Interestingly the assignments are different from the chapters in the module. And the chapters in this module are actually in a course I took over the summer in order to do a better job on the portfolio I submitted.

Friday, September 14, 2018

Required Viewing

I've seen all these movies but one. The Social Network.

Obviously, I'll be watching them all again, I just thought that was interesting.

Required Viewing (for both Film Music in Practice Modules)

American Beauty. (1999). [film] USA: DreamWorks SKG: Sam Mendes.

Batman. (1989). [film] USA: Warner Bros: Tim Burton.

Casablanca. (1942). [film] USA: Warner Bros: Michael Curtiz.

From Russia With Love. (1963). [film] GB: Eon Productions: Terence Young.

Gladiator. (2000). [film] USA: DreamWorks SKG: Ridley Scott.

Gravity. (2013). [film] USA: Warner Bros: Alfonso Cuarón.

King Kong. (1933). [film] USA: RKO Radio Pictures: Merian C. Cooper & Ernest B. Schoedsack.

King Kong. (2005). [film] USA: Universal Pictures: Peter Jackson.

Lawrence of Arabia. (1962). [film] GB: Horizon Pictures: David Lean.

North by Northwest. (1959). [film] USA: Metro-Goldwyn-Mayer (MGM): Alfred Hitchcock.

Psycho. (1960). [film] USA: Shamley Productions: Alfred Hitchcock.

Skyfall. (2012). [film] GB: Eon Productions: Sam Mendes.

Star Wars: Episode V - The Empire Strikes Back. (1980). [film] USA: Lucasfilm: Irvin Kershner.

The Adventures of Robin Hood. (1938). [film] USA: Warner Bros: Michael Curtiz.

The City Lights. (1931). [film] USA: Charles Chaplin Productions: Charles Chaplin.

The Dark Knight. (2008). [film] USA: Warner Bros: Christopher Nolan.

The Godfather. (1972). [film] USA: Paramount Pictures: Francis Ford Coppola.

The Good, The Bad and The Ugly. (1966). [film] IT: Produzioni Europee Associati: Sergio Leone.

The Lord of the Rings: The Fellowship of the Ring. (2001). [film] USA: New Line Cinema: Peter Jackson.

The Mission. (1986). [film] US: Warner Bros: Roland Joffé.

The Pink Panther. (1963). [film] USA: Mirisch G-E Productions: Blake Edwards.

The Social Network. (2010). [film] USA: Columbia Pictures: David Fincher.

There Will Be Blood. (2007). [DVD] USA: Paramount Vantage: Paul Thomas Anderson.

Thursday, September 13, 2018

Day one

I can confirm that Andrew does have an unconditional place on the following course:

COURSE: MA Profession Media Composition

START DATE: September 17th 2018

END DATE: September 17th 2019

MODE OF STUDY: FT1 (Full Time - 1 year)
COST: $12,950

Today was the first day of induction.

Wednesday, August 29, 2018

New monitor, bun card

Sceptre 43" Class 4K (2160P) LED TV (U435CV-U)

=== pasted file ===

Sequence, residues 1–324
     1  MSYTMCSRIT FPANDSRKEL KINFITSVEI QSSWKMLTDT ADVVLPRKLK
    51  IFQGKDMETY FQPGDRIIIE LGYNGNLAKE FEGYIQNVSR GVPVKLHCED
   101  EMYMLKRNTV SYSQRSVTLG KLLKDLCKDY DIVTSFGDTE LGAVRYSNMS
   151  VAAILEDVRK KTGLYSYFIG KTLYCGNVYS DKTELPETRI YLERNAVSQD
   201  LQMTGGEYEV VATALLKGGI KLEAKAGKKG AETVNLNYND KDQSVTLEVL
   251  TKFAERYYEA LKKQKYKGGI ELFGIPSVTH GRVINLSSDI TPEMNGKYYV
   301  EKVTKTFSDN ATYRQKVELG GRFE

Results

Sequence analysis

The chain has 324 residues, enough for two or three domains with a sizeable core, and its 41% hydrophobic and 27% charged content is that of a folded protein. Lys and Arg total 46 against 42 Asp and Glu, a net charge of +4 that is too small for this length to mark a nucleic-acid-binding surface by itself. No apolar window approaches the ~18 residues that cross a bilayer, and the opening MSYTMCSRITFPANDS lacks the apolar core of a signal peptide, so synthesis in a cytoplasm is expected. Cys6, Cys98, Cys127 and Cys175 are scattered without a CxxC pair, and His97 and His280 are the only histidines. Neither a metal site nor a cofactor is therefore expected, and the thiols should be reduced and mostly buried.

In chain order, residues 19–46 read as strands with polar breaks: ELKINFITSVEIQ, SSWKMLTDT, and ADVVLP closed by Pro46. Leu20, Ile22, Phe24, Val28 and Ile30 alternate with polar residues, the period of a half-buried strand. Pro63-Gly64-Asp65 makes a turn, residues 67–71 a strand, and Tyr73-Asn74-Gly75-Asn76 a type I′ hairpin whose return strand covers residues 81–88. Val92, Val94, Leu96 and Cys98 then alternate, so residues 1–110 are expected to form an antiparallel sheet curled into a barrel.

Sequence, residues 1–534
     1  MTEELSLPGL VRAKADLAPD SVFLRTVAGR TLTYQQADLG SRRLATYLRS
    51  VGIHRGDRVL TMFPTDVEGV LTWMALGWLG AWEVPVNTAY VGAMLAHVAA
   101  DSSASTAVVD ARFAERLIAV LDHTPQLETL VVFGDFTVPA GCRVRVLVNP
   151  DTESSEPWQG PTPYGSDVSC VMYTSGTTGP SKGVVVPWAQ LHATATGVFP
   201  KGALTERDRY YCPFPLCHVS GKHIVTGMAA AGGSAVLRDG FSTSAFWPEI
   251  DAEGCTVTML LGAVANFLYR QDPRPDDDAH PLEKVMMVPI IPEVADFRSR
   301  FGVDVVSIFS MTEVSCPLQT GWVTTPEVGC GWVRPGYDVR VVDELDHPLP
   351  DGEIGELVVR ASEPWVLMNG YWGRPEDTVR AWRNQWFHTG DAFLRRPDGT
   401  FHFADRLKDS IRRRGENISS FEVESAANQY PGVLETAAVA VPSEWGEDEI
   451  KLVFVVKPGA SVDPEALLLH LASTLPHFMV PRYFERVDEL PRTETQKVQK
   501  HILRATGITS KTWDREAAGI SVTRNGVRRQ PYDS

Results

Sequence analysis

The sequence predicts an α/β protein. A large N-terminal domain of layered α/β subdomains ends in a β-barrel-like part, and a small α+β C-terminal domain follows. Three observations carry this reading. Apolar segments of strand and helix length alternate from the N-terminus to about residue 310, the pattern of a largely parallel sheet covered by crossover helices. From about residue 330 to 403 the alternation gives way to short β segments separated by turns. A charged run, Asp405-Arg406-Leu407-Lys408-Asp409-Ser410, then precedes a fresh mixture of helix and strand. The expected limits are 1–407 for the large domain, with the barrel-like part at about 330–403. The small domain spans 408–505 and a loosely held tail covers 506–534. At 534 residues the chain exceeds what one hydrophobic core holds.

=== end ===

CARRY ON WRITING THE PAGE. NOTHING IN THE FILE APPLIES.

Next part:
Out of the box, as a computer monitor, the text is rough - even turning Sharpness down in the menu only helped a bit. The key is getting into the factory menu - Press "Menu" then the numbers 7343 while at the main menu - and changing the Sharpness curve to 0 across the board.

My monitor is dying a horrible death. So I had to order a new one from WalMart. I know.  Anyway, those instructions above are from a review on the WalMart site. Monitor is $189 plus tax.

I like Postable for sending fun cards for birthdays. I made my own design for this year. Will probably draw another animal for next year.

Friday, July 27, 2018

Demented 6th Chords

I think this is right: If you find yourself on a IV chord, Option one: put it in the 1st inversion (b) and play it. In C the IV chord would be F major, in first inversion the bottom of the triad is A, the middle note is C, and the top note is F. Then you get to make an augmented sixth! Just lower the bottom note of that triad (this would be an A going to A-flat) and raise the top note (F to F#.) Now you have a triad that's Ab, C, and F#. This is the Italian augmented sixth. It resolves (by step) to a I or a IV chord. Alternatively, do all the above steps and add a flat seven to the chord (this would be an Eb.) That is the German augmented sixth. It normally resolves to a I because it's hard to avoid parallel fifths resolving to a V (because that Eb makes it hard.) Option two: there's the French aug 6. That's on a ii chord. The ii chord (say, Dm) is put in the 2nd inversion (c) such that the triad is A, D, and F. Lower the bottom (A becomes Ab), raise the top (F becomes F#) and add in a flat 7 (this is a C because we're flatting the seven of the ii chord) and resolve to the I or V.

Sunday, July 22, 2018

7 9 11 13

As a general rule, whenever you have a chord that goes above a seventh, you would include the note it goes up to and the seventh, missing out the other notes. This would meant that in C11, you would include the F, which the chord goes up to in order to make it C11 and the seventh of the chord, B, but you wouldn’t need the ninth, the D. If you went further, say C13, you would miss out the ninth and eleventh of the chord, but include the seventh and thirteenth and so on. The most common note to be omitted from the chord would be the fifth as the root as the third gives us the strongest feel of a major or minor chord, as the case may be. So in order to create a C9 chord in 4-part harmony, you would have C – E – B – D. If you wanted C13, it would be C – E – B – A, with A the thirteenth of the chord.

Thursday, July 19, 2018


Pivot chords are chords that are the same in two different keys. They're used to modulate from one key to another. Since V I establishes your key more than anything, you probably want to avoid them as pivot chords. Pivot chords really only works within two keys on the circle of fifths.

Thursday, July 12, 2018


NotePerformer is a set of alternate sounds for Sibelius.

Accented passing notes mean notes which land on a new chord but are passing notes between the new chord and the chord previous. Un-accented passing notes mean you go from a chord and then make a passing note before you hit the next chord.